Friday, July 7, 2017

New to the rec shelf: Everybody Lies, by Seth Stephens-Davidowitz

Here's the thing about podcasts. I find that I really like the ones that double as NPR shows, but don't like the ones that are just people talking about a particular subject. I'm not sure if it's a lack of structure or what, but even when I like the person hosting the podcast, I quickly get bored by the chatter. Why is this ironic? Because that's pretty much me when I go on a radio show to talk about books.

One show/podcast that I often like listening to is Freaknomics Radio. Inspired by the book (and it's spinoffs, I guess), it's hosted by the co-author Stephen Dubner, with the occasional contribution of economist Stephen Levitt. Sometimes the show hits right on the nose of what I'm thinking, like its episode that investigated why there are so many mattress stores. There's an epilogue to that story - Mattress Firm, who fattened up and bought a bunch of competitors, which is why there are multiple locations on both Highway 100 and Miller Park Way, itself sold off to a South African Company. Don't forget, venture capital generally means exit strategy.

Another episode that I really enjoyed featured Seth Stephens-Davidowitz, who uses Google searches to uncover when and how people lie, as well as answers to all sorts of weird questions, such as when do most people form their s political affiliations. The interview was connected to the release of his book, Everybody Lies: Big Data, New Data, and What the Internet Reveals About Who We Really Are. I think I was affected by an advance review that called the book depressing. A lot of the media focus has been on how Stephens-Davidowitz's data analysis showed that we continue to be more racist that we admit in public, or even in surveys. There's also a lot of sex data.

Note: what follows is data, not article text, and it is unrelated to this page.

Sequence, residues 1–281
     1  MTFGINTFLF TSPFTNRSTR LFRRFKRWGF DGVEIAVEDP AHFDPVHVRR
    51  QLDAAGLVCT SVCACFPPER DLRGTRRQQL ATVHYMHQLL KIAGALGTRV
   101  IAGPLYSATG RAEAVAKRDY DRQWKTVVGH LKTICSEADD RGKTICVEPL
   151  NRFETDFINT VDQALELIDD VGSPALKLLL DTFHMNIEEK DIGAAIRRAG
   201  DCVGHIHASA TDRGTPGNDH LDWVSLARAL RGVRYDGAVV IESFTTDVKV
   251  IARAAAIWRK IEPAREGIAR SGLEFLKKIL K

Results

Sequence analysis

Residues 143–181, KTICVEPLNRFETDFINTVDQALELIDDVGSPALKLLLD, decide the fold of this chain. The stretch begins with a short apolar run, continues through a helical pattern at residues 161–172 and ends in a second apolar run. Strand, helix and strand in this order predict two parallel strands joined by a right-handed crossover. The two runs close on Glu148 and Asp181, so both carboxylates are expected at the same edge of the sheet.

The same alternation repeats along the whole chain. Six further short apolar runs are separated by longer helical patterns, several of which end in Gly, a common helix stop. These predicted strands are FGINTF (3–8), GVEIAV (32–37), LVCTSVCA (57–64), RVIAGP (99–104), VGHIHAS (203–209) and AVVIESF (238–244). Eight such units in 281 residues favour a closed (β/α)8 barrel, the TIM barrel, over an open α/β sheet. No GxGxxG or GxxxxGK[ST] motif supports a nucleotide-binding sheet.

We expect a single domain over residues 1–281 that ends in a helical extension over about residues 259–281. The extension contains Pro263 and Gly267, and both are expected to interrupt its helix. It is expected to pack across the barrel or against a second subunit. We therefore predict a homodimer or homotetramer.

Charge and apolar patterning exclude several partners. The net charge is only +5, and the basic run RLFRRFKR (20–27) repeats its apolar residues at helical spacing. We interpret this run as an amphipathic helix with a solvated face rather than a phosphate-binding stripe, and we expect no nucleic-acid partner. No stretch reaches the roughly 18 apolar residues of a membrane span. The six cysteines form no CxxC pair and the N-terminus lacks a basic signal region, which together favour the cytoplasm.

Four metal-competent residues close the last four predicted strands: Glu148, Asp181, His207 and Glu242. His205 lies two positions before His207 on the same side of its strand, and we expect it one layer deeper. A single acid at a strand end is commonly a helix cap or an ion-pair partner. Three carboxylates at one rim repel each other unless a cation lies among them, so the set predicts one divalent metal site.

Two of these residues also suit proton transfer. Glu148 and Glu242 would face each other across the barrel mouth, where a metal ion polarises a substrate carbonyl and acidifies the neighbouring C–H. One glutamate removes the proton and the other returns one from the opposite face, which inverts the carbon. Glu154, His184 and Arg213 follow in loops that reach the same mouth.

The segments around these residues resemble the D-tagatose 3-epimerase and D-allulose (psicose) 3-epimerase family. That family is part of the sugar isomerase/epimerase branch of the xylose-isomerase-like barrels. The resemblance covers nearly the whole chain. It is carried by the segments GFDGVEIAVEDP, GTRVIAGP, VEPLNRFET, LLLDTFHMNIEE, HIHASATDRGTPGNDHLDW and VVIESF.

But more than the negative data, I was most fascinated about their analysis of Obama's post-terrorism attack speeches, and how curiosity about prominent Muslims in American history, sports, military, and architecture let to less anti-Muslim searches and more curious searches to learn more about the positive impact of Muslims, which I didn't find depressing, but inspiring*. As I've learned from other psychology books, there are people who only react to carrots, not sticks, which was, by the way, tied into another piece of Stephens-Davidowitz's data about the effect on prisons to harden instead of reforming criminals.

The truth is that Everybody Lies, when it is not tackling the heavy duty subjects, can be quite entertaining. The author has a sparkling, often-self-deprecating wit, such that I wouldn't just recommend this book to folks who like data driven economics and behavioral psychology books, but also someone who's a fan of Larry Davidson. Where did that come from? I loved the author trying to figure out why he loves the Mets but his brother does not. I appreciated the comfort of knowing that Facebook data may reveal a lot about our behavior as well, but it's not true that all our friends are smart, more sophisticated, wealthier, and worst of all, happier than we are.

And while he bursted my bubble that money doesn't buy happiness - lottery winners, in general, do wind up happier - he gave me solid advice on what to do if a neighbor wins the lottery. Move away, fast, or you'll buy your way into bankruptcy trying to keep up.

Stephens-Davidowitz (photo credit Jim Hauser) had a stint at Google, after starting his data research during his schooling.  Now he's writing op-eds for The New York Times and speaking professionally. Since I'd like to hear him and I think it's a long way off to another book that might involve a tour, I'm hoping someone who has a big budgeted speaking engagement series will sign him up and we can sell books. It's a win-win-win.

*The truth is that if you read these kinds of books, you learn that some people are good, some people are bad, but most people are in the middle, and can go either way. Cheating is bad, but apparently cheating on taxes is not so bad for most people, at least in private. Something that nudges (yes, I was a fan of the book Nudge) folks to go in a positive direction is pretty great.

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